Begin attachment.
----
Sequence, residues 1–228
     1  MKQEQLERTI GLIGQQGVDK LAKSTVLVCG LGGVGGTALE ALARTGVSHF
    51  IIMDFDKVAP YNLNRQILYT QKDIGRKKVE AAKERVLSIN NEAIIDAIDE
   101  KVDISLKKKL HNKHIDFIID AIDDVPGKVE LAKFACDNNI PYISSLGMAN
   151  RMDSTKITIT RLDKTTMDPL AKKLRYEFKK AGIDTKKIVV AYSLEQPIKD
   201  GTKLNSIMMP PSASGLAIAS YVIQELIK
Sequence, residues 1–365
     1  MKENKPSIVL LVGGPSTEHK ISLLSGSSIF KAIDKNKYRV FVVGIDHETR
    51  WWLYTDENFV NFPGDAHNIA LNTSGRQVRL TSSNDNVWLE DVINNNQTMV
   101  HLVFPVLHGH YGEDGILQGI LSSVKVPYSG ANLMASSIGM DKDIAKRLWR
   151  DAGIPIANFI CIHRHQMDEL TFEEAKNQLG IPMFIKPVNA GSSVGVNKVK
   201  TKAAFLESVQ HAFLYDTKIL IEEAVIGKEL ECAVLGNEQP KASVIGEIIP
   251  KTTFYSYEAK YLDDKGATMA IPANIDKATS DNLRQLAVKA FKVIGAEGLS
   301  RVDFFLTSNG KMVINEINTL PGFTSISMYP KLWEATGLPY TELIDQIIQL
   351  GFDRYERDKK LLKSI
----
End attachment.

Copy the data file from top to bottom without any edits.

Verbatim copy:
Sequence, residues 1–228
     1  MKQEQLERTI GLIGQQGVDK LAKSTVLVCG LGGVGGTALE ALARTGVSHF
    51  IIMDFDKVAP YNLNRQILYT QKDIGRKKVE AAKERVLSIN NEAIIDAIDE
   101  KVDISLKKKL HNKHIDFIID AIDDVPGKVE LAKFACDNNI PYISSLGMAN
   151  RMDSTKITIT RLDKTTMDPL AKKLRYEFKK AGIDTKKIVV AYSLEQPIKD
   201  GTKLNSIMMP PSASGLAIAS YVIQELIK
Sequence, residues 1–365
     1  MKENKPSIVL LVGGPSTEHK ISLLSGSSIF KAIDKNKYRV FVVGIDHETR
    51  WWLYTDENFV NFPGDAHNIA LNTSGRQVRL TSSNDNVWLE DVINNNQTMV
   101  HLVFPVLHGH YGEDGILQGI LSSVKVPYSG ANLMASSIGM DKDIAKRLWR
   151  DAGIPIANFI CIHRHQMDEL TFEEAKNQLG IPMFIKPVNA GSSVGVNKVK
   201  TKAAFLESVQ HAFLYDTKIL IEEAVIGKEL ECAVLGNEQP KASVIGEIIP
   251  KTTFYSYEAK YLDDKGATMA IPANIDKATS DNLRQLAVKA FKVIGAEGLS
   301  RVDFFLTSNG KMVINEINTL PGFTSISMYP KLWEATGLPY TELIDQIIQL
   351  GFDRYERDKK LLKSI